Is what they’re saying really so controversial or problematic, or is there perhaps a real and dangerous movement of people who aim to silence dissent more than they aim to solve the actual problems?

And there are many.

Kevin Crehan, a man in Bristol who left a bacon sandwich outside a mosque in Totterdown, was sentenced to one year in prison for the act. He was also found dead in prison about six months into this sentence.

London’s Mayor Khan recently read a tweet from a woman criticizing him for his lack of action to prosecute people for illegally performing female genital mutilation in London, accusing her of ‘hate speech.”

Who was this woman? Oh, just an Ex-Muslim woman (<–Video) who has deep concerns over this abusive, and also illegal practice which has gone largely unchecked in Britain despite some estimates saying there are over 200 FGM clinics throughout the London area. It is hate speech for her to demand her Mayor take action to protect little girls, but it is not an act of hate to mutilate their genitals, in Khan’s stated view.

When someone yells ‘hate speech’, sometimes, it is. Let us not devalue true acts of hatred or deny that they exist, because they do. In other cases, it seems to have become a set of words which people, often calling themselves tolerant, have weaponized in mad attempt to silence other people. A way to prevent not only other viewpoints from finding voice, but to, in a more sinister move-protect some people over others and block any accountability they would otherwise face for their actions.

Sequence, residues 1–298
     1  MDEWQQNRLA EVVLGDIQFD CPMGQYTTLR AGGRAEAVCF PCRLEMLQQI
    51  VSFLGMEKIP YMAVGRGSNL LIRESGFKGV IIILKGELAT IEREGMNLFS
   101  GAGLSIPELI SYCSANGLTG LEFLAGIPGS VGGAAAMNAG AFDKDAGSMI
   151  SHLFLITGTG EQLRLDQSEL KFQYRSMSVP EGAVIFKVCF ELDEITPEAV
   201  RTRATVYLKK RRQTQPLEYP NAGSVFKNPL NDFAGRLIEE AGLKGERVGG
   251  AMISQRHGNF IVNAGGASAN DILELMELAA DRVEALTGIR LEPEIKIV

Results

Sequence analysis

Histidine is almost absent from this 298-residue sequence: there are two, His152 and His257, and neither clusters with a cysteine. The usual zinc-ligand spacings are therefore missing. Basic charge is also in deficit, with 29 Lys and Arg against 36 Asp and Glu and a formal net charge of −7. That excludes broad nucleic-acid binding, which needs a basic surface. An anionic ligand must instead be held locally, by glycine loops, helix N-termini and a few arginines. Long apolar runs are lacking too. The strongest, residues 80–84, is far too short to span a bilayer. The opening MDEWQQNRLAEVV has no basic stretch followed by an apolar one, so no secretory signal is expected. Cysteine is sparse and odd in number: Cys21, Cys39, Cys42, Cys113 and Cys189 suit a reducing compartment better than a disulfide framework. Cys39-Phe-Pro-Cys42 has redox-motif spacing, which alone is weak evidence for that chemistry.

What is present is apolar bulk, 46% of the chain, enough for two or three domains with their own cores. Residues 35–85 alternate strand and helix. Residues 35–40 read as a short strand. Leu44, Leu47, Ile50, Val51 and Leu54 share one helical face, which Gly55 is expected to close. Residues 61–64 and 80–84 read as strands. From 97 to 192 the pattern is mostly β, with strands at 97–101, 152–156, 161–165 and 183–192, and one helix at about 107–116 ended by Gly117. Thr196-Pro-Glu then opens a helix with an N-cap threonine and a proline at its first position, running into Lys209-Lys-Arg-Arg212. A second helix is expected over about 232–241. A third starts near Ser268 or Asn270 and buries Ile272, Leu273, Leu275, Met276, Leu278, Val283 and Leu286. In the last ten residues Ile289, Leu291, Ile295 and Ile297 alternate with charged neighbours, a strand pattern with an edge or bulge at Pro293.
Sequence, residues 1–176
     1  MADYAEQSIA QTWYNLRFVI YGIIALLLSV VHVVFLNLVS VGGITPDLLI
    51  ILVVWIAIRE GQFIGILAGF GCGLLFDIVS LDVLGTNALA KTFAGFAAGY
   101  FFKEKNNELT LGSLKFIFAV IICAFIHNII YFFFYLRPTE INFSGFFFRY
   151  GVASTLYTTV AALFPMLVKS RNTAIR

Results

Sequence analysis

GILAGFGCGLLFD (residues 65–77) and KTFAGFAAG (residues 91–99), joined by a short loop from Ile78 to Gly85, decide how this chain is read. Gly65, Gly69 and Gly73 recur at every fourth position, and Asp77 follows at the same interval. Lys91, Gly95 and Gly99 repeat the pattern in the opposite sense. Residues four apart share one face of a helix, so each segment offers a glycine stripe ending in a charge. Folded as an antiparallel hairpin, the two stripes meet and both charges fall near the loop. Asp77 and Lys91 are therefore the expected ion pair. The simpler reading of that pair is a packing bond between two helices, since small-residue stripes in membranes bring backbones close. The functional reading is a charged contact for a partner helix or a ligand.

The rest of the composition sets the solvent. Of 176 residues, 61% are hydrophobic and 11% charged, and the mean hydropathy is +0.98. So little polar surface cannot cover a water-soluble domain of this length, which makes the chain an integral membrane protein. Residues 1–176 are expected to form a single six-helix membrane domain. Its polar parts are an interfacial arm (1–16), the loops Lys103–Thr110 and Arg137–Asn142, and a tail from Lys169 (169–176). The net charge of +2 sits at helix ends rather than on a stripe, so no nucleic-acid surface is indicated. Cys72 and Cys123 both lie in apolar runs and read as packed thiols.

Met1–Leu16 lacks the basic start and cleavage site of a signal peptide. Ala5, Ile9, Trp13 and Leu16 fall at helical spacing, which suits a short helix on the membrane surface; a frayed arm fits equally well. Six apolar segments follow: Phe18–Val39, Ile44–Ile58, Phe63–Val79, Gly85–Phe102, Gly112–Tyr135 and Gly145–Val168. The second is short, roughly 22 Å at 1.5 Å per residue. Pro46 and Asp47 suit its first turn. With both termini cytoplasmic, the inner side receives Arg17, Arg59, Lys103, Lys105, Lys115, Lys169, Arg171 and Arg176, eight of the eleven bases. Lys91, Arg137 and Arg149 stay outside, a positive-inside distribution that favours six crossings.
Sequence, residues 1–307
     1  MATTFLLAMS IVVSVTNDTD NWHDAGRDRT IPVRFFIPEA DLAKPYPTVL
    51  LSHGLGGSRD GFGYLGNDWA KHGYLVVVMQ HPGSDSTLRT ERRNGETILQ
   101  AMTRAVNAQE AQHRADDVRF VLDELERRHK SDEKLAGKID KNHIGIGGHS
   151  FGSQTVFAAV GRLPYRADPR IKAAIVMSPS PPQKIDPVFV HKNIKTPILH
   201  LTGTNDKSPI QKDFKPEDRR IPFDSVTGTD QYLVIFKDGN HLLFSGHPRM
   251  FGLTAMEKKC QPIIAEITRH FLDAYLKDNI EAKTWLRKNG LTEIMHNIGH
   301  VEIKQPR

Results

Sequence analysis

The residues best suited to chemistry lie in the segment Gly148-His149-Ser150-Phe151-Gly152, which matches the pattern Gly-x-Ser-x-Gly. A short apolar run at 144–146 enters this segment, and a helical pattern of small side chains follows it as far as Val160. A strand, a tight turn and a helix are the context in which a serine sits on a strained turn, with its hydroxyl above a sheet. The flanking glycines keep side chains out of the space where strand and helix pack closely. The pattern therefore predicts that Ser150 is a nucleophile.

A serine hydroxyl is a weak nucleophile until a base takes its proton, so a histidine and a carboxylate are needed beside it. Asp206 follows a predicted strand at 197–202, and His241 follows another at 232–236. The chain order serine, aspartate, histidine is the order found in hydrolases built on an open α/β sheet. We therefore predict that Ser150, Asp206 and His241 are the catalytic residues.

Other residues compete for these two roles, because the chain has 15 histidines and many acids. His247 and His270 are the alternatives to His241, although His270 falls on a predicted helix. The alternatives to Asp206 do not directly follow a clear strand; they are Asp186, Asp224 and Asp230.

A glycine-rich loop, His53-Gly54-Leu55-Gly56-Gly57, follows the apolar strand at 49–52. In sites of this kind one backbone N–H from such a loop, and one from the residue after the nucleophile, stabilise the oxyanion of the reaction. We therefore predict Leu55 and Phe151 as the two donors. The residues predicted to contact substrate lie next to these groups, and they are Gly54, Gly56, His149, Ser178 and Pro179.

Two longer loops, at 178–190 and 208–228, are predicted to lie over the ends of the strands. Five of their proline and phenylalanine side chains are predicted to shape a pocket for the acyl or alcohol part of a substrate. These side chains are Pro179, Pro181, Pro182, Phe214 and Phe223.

We’re familiar with the rape scandals in Telford and also Rotherham, and the almost complete inaction by law enforcement officials in both cases. It seems the police and elected officials were far more concerned that no one speak about these things than they were about these things being done to young girls and women.

Why? What possible benefit would it serve to the victims or the community to ignore what was going on right before their eyes and threatening the safety of everyone who lived there whatever their particular demographic?

How? In what way does this help to ease tensions among communities of different ethnic origins, religions or backgrounds?

Who? Which person or persons in charge specifically called for these crimes to be covered up while jailing a man for rudely leaving a sandwich outside a mosque and convicting a Pug’s owner  for making an offensive video?

Where? In what fevered brain would ignoring real and violent crimes in favor of policing thoughts and speech ease frictions between any groups of people? Where is the logic in jailing someone for leaving a sandwich on the steps of a mosque but shrugging when someone insults Christianity or any ‘other’ religion?